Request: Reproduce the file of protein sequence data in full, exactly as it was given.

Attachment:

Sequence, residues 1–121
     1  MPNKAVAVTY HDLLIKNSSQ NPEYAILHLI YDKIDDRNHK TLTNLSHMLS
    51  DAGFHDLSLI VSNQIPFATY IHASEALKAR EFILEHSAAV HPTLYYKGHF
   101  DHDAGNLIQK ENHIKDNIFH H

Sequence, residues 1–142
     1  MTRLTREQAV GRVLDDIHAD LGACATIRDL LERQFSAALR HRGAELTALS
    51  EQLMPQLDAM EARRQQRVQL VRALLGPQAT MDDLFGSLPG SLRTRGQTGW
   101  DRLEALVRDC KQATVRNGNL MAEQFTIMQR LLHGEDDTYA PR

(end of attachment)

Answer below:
Sequence, residues 1–121
     1  MPNKAVAVTY HDLLIKNSSQ NPEYAILHLI YDKIDDRNHK TLTNLSHMLS
    51  DAGFHDLSLI VSNQIPFATY IHASEALKAR EFILEHSAAV HPTLYYKGHF
   101  DHDAGNLIQK ENHIKDNIFH H

Sequence, residues 1–142
     1  MTRLTREQAV GRVLDDIHAD LGACATIRDL LERQFSAALR HRGAELTALS
    51  EQLMPQLDAM EARRQQRVQL VRALLGPQAT MDDLFGSLPG SLRTRGQTGW
   101  DRLEALVRDC KQATVRNGNL MAEQFTIMQR LLHGEDDTYA PR